Grady Sizemore

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    Joe Robbins/Getty Images

    2013 stats: Injured

    At one point, Grady Sizemore's eventual free-agent path seemed poised to result in a contract for more than $100 million. From 2005-2008, the former Cleveland Indians center fielder was one of the best all-around players in the sport.

    The rising star posted a 128 OPS+ during those years, profiling as the 14th-most-productive outfielder in the sport. When factoring in his defense and speed, Sizemore was the gold standard for outfielders in baseball, besting Beltran, Ichiro Suzuki and Matt Holiday for total WAR.

    By producing those outstanding campaigns between ages 22 and 25, Sizemore was on the path to becoming a superstar.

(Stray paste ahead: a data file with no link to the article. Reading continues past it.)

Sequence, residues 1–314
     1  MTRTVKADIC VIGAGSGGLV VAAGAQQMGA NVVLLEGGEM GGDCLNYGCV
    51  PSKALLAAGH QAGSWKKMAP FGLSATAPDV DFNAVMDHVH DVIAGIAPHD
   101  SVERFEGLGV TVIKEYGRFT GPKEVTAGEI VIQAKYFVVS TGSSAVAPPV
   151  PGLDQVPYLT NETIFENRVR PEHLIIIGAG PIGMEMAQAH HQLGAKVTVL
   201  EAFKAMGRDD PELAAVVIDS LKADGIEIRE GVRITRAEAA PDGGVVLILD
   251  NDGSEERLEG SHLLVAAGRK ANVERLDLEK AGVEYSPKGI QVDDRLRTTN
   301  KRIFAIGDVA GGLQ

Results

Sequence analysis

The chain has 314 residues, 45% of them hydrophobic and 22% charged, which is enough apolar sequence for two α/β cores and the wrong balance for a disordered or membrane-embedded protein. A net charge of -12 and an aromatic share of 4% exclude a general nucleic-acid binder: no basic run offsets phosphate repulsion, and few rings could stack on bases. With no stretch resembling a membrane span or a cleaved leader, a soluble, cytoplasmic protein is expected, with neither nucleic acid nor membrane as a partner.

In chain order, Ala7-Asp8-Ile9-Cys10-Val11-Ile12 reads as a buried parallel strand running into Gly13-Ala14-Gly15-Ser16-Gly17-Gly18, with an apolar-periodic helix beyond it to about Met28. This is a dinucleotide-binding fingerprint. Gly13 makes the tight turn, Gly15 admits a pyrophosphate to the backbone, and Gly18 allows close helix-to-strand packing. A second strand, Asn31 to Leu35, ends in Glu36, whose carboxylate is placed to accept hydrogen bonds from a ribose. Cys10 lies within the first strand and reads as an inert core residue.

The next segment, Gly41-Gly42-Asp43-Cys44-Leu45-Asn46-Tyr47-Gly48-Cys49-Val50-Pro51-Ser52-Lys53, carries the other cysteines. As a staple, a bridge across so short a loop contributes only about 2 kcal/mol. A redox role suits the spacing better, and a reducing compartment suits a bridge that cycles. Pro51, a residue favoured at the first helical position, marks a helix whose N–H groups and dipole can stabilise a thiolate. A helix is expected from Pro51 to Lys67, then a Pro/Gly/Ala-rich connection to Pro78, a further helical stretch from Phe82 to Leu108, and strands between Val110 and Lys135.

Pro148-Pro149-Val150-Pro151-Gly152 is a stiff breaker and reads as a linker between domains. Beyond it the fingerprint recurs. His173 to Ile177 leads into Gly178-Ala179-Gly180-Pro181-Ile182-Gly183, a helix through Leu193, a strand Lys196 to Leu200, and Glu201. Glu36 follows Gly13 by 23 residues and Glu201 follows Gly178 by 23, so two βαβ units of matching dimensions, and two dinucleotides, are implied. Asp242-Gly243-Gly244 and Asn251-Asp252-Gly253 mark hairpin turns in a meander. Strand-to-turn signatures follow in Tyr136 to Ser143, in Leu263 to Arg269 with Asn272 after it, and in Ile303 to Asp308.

Of course, due to injuries, the story didn't turn out quite that way.

    Since 2009, Sizemore has played in a grand total of 201 games. None of those contests have been in either of the last two seasons, 2012 or 2013. At age 31, Sizemore should be putting a bow on a peak that rivaled current and future Hall of Fame outfielders. 

    Instead, he's looking for a team to take a chance on his former stardom and future upside.

    If, and it's a huge if, Sizemore could recapture a percentage of what he once was, there is an impact performer on the market. 

    During the winter meetings, the Astros checked in with Sizemore's representatives, according to Brian McTaggart of MLB.com. If Sizemore lands anywhere this offseason, Houston, desperately needing an infusion of talent, is a perfect fit.

Best of the Rest

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    Jared Wickerham/Getty Images